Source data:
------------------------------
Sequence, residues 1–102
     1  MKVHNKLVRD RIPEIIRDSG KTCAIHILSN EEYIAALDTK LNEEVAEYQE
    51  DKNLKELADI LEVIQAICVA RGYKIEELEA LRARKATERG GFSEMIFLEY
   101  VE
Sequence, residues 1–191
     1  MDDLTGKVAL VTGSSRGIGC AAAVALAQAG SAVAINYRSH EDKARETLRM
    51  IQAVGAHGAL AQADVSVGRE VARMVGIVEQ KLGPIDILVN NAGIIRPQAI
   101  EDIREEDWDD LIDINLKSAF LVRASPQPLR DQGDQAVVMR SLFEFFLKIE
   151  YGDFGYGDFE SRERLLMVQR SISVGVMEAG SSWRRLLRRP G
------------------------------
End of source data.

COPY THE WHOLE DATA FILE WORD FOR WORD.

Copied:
Sequence, residues 1–102
     1  MKVHNKLVRD RIPEIIRDSG KTCAIHILSN EEYIAALDTK LNEEVAEYQE
    51  DKNLKELADI LEVIQAICVA RGYKIEELEA LRARKATERG GFSEMIFLEY
   101  VE
Sequence, residues 1–191
     1  MDDLTGKVAL VTGSSRGIGC AAAVALAQAG SAVAINYRSH EDKARETLRM
    51  IQAVGAHGAL AQADVSVGRE VARMVGIVEQ KLGPIDILVN NAGIIRPQAI
   101  EDIREEDWDD LIDINLKSAF LVRASPQPLR DQGDQAVVMR SLFEFFLKIE
   151  YGDFGYGDFE SRERLLMVQR SISVGVMEAG SSWRRLLRRP G